MODERN TRENDS

EXPRESSIONISM / VASILY KANDINSKY

INTRODUCTION

    In 1912, Vasily Kandinsky stated that his painting had become “abstract”. So what did he mean by this?

    First of all, he was distinguishing it from being “figurative”. He did not paint an apple to look like an apple. He saw the apple and had sensations or impressions of its colour and its shape, of its redness and its roundness. Red-roundness are what would have appeared on his canvas.

    These are the qualities of things. Abstract art is the painting of qualities, of what gives essence to all the things of the world, of their relationships, of movement and their kinds, of contrasts, of all those aspects that make an object particular and unique.

    Such qualities are what Kandinsky observed in his looking around in the world, and then he took the next step – to be aware of his own very personal reactions to his observations of qualities. He called them his “impressions” and in the case of colours he could describe his reactions to them, such as “shrill canary yellow”.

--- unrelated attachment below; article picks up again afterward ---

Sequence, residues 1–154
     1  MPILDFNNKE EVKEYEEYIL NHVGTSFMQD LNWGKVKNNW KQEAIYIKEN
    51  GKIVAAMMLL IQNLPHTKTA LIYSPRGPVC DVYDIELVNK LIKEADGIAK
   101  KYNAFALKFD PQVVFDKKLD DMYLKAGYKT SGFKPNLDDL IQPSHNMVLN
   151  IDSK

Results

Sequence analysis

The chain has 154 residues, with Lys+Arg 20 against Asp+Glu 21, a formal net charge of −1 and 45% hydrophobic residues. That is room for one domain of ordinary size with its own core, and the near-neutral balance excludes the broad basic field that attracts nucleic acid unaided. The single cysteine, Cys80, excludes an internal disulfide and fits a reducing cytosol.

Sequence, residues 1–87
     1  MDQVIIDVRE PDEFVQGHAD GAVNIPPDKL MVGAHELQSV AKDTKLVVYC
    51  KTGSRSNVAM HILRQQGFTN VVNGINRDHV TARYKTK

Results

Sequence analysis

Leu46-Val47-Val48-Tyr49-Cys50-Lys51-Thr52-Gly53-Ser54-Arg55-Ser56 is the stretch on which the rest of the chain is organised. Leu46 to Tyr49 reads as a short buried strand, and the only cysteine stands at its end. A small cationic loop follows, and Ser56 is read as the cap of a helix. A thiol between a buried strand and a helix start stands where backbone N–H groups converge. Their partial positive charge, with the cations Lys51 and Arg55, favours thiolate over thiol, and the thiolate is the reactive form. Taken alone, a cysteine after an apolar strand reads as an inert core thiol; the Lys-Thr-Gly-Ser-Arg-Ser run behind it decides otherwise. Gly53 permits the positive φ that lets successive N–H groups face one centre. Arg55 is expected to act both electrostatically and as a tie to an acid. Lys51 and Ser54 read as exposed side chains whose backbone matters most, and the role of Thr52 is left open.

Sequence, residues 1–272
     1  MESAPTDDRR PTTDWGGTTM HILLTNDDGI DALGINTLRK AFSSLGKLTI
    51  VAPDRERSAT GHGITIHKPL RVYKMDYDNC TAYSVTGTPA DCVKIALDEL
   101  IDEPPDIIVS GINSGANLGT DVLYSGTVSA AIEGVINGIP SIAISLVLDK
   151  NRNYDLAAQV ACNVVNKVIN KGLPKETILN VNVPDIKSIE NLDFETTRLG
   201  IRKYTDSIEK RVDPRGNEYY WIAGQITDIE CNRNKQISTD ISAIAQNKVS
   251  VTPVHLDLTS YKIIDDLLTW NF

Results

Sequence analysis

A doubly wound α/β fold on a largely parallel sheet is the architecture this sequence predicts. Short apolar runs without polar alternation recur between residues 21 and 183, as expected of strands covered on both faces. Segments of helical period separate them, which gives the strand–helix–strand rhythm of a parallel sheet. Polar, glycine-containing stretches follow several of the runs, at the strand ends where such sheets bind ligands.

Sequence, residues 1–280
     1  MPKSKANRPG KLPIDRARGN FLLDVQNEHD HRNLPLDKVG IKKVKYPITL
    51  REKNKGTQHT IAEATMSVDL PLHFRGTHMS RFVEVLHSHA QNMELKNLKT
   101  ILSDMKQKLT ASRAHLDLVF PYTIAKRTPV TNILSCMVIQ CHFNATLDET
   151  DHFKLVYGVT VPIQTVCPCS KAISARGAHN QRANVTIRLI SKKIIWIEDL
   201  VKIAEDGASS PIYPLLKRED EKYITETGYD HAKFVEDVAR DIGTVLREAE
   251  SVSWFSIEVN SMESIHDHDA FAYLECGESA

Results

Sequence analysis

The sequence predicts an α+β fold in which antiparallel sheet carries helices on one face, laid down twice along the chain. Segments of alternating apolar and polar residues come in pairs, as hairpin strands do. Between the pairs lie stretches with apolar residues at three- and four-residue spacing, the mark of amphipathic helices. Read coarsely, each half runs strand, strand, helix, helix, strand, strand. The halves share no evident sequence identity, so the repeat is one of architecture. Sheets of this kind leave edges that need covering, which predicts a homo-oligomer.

And since the spectator can experience all these things, an abstract painting may have an abundance of sense impressions, as Kandinsky called them, to which he gave shape and colour.

    So these sense impressions can be used to paint a picture since qualities are their vehicle. They thus become the source of the spectator’s experience of a painting.

    [Kandinsky . Complete Writings on Art. Edited by Kenneth C. Lindsay and Peter Vergo. Volume. One, London, Faber and Faber, 1982.]

    PAINTING WITH WHITE BORDER, 1913